‘Runway plan ignores environmental damage’
Published: 6 June 2013
A rumoured plan to build a third runway south-west of Heathrow Airport would cause irreparable environmental damage, according to the leader of Wandsworth Council.
Councillor Ravi Govindia today urged airport bosses to abandon any attempt to establish a third runway - claiming that suggestions one could be established in the Stanwell Moor area ignore the fact that building work would need to be carried out on land protected by EU wildlife and environment directives.
He warned the likely outcome of any such move by bosses would see them eventually having to alter their plan and building a third runway directly south of the airport.
Cllr Govindia said:
"A new south-western runway would involve building on protected water bodies close to the airport, which would decimate wildlife habitats and potentially have implications for the proper functioning of nearby reservoirs.
"The only way to avoid this area while ensuring sufficient runway separation between the existing southern runway and a new one would be to build it directly to the south of the airport - exactly where the 2M group predicted the desired site was earlier this year.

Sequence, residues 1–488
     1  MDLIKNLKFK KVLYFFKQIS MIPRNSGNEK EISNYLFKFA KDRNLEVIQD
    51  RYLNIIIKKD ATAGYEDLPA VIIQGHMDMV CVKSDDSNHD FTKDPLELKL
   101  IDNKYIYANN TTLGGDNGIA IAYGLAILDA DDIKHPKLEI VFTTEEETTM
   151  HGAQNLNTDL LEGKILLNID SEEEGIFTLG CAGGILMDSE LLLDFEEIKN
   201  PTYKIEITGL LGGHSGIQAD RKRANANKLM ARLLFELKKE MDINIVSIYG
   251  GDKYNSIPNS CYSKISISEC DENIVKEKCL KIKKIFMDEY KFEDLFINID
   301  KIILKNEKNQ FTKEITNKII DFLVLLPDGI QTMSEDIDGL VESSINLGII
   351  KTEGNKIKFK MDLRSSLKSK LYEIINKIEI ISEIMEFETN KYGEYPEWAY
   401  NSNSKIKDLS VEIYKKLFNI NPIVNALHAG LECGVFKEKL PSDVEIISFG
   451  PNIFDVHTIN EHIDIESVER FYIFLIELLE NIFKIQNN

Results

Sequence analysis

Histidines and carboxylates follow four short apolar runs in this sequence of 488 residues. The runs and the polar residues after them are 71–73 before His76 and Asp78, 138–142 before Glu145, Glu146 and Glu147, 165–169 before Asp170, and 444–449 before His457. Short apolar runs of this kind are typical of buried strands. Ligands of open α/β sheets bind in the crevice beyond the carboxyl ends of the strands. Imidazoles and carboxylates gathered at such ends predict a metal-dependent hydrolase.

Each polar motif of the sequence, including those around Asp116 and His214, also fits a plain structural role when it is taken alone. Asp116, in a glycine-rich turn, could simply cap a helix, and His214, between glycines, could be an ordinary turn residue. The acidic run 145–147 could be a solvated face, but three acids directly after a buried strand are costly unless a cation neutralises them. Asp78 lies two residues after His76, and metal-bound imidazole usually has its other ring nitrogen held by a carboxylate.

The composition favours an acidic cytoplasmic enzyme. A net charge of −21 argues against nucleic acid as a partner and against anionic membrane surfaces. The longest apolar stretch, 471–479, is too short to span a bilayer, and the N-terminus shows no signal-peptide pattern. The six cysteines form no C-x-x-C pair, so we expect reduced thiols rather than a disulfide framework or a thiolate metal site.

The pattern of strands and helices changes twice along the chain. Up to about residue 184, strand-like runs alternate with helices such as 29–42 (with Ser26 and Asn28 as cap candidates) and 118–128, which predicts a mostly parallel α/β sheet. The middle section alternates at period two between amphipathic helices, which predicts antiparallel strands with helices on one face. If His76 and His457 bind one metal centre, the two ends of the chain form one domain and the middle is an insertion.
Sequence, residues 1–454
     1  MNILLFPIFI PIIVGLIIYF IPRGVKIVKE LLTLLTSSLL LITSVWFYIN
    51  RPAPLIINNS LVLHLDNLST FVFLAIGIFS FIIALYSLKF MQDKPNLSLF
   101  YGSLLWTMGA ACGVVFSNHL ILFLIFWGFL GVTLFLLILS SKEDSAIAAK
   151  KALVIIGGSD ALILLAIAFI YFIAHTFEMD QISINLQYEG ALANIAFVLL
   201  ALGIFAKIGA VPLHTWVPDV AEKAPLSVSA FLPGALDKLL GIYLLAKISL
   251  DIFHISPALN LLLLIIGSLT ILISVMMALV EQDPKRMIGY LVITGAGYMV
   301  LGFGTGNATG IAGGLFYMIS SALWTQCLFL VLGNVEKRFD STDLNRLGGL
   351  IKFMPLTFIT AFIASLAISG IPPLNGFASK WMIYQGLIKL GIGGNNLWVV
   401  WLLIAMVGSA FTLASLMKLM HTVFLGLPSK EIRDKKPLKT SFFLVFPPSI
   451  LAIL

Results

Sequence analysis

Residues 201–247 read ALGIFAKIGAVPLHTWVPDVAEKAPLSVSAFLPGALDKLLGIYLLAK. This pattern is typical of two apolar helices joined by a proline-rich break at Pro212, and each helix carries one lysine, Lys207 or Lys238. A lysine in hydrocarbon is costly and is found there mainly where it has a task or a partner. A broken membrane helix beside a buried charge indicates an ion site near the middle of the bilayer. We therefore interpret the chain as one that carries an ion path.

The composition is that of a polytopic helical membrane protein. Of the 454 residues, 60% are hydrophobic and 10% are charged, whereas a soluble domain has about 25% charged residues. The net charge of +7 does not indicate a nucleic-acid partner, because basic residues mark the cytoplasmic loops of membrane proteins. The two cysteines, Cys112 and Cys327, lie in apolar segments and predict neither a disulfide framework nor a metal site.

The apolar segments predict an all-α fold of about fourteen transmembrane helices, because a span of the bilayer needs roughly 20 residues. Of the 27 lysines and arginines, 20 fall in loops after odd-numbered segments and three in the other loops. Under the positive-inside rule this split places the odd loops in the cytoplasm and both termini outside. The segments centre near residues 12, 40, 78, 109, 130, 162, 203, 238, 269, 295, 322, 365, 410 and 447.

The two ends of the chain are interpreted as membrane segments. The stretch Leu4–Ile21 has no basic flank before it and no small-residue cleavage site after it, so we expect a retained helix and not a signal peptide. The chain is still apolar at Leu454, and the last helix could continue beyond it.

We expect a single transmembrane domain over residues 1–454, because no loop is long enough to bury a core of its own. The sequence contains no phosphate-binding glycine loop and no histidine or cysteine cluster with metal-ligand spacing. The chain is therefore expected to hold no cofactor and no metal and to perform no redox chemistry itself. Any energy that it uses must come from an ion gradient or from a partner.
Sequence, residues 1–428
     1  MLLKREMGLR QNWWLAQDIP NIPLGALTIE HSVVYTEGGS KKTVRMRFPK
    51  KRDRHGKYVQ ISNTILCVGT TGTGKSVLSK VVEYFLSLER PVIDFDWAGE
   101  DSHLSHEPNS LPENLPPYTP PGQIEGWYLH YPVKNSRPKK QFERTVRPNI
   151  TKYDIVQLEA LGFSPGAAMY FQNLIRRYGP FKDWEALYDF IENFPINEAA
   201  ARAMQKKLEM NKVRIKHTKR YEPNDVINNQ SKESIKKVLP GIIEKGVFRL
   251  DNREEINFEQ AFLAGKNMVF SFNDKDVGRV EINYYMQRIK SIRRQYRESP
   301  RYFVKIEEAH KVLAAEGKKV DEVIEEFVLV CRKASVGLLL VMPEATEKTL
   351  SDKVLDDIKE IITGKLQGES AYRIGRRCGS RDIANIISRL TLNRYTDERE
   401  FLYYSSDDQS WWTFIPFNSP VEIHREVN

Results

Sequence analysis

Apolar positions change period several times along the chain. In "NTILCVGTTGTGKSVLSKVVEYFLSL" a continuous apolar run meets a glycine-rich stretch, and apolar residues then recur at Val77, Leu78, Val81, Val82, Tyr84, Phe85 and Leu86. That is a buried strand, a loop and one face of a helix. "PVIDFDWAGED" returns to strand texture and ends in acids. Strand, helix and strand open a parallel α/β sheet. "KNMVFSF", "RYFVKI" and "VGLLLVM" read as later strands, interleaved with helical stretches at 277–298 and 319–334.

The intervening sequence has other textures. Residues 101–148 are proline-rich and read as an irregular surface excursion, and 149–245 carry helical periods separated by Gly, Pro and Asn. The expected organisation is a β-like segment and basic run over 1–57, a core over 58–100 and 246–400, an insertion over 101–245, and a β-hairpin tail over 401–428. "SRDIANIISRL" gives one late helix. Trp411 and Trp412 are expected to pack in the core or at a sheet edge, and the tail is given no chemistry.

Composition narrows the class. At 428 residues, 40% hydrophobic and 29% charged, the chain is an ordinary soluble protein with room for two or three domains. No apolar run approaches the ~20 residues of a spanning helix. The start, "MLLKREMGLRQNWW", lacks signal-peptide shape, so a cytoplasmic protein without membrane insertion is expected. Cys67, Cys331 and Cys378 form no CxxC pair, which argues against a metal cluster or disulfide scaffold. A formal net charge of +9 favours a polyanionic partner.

"None of this of course addresses the question of where a sixth terminal would be built or how local rail and roads networks would cope with passenger throughput in excess of 100 million movements annually.
"And let's not forget that any attempts to establish a third runway at Heathrow will inevitably lead to demands for further additional capacity including the possibility of a fourth runway."
In April, Wandsworth and its 2M Group campaign partners produced new flightpath maps highlighting the parts of London which could be overflow by planes using the proposed third and fourth runways.
In Wandsworth parts of Roehampton, West Putney, West Hill, East Putney, Southfields, Earlsfield, Wandsworth Common, Northcote, Nightingale, Tooting, Balham, Bedford, Graveney and Furzedown wards could be disrupted by aircraft coming into land on a new runway to the south of the existing landing strips.
Wandsworth has consistently warned that Heathrow will not stop expanding if granted a third landing strip. Its main European rivals have four or more runways and Heathrow will need to match their capacity to directly compete.
Charles de Gaulle, Heathrow's nearest rival, has four runways. Frankfurt and Barajas (Madrid) also have four and Schiphol (Amsterdam) has six.
Notes to editors
Water bodies in the Stanwell Moor area are used for drinking water and the creation of a runway on the site would require them to be enclosed. This has implications for the proper functioning of the reservoirs because a 21 day retention period for stored water in open air should always be aimed for, to allow the natural UV to act as a primary steriliser for drinking water.